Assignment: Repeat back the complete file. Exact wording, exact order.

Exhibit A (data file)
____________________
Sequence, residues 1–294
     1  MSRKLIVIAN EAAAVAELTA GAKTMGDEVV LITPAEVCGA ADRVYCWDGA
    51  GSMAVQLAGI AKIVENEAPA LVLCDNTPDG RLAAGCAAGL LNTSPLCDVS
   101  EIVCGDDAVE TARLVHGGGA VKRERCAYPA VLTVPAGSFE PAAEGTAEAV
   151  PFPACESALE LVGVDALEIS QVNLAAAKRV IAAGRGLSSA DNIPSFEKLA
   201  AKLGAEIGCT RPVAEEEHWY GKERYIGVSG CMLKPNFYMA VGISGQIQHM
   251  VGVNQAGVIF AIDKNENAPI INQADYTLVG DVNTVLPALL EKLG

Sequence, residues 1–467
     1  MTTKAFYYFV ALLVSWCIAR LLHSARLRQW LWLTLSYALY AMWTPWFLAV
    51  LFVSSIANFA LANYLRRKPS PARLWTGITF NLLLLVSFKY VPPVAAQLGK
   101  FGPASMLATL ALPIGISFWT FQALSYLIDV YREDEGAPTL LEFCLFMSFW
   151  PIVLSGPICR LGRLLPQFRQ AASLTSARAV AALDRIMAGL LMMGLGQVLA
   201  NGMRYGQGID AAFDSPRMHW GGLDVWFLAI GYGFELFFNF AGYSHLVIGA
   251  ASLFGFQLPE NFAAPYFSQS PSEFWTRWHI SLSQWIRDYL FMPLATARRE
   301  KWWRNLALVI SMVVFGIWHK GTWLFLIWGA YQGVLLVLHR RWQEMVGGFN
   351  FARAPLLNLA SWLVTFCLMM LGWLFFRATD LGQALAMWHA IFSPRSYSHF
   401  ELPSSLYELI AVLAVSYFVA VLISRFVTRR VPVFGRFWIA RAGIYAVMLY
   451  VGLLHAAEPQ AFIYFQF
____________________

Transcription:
Sequence, residues 1–294
     1  MSRKLIVIAN EAAAVAELTA GAKTMGDEVV LITPAEVCGA ADRVYCWDGA
    51  GSMAVQLAGI AKIVENEAPA LVLCDNTPDG RLAAGCAAGL LNTSPLCDVS
   101  EIVCGDDAVE TARLVHGGGA VKRERCAYPA VLTVPAGSFE PAAEGTAEAV
   151  PFPACESALE LVGVDALEIS QVNLAAAKRV IAAGRGLSSA DNIPSFEKLA
   201  AKLGAEIGCT RPVAEEEHWY GKERYIGVSG CMLKPNFYMA VGISGQIQHM
   251  VGVNQAGVIF AIDKNENAPI INQADYTLVG DVNTVLPALL EKLG

Sequence, residues 1–467
     1  MTTKAFYYFV ALLVSWCIAR LLHSARLRQW LWLTLSYALY AMWTPWFLAV
    51  LFVSSIANFA LANYLRRKPS PARLWTGITF NLLLLVSFKY VPPVAAQLGK
   101  FGPASMLATL ALPIGISFWT FQALSYLIDV YREDEGAPTL LEFCLFMSFW
   151  PIVLSGPICR LGRLLPQFRQ AASLTSARAV AALDRIMAGL LMMGLGQVLA
   201  NGMRYGQGID AAFDSPRMHW GGLDVWFLAI GYGFELFFNF AGYSHLVIGA
   251  ASLFGFQLPE NFAAPYFSQS PSEFWTRWHI SLSQWIRDYL FMPLATARRE
   301  KWWRNLALVI SMVVFGIWHK GTWLFLIWGA YQGVLLVLHR RWQEMVGGFN
   351  FARAPLLNLA SWLVTFCLMM LGWLFFRATD LGQALAMWHA IFSPRSYSHF
   401  ELPSSLYELI AVLAVSYFVA VLISRFVTRR VPVFGRFWIA RAGIYAVMLY
   451  VGLLHAAEPQ AFIYFQF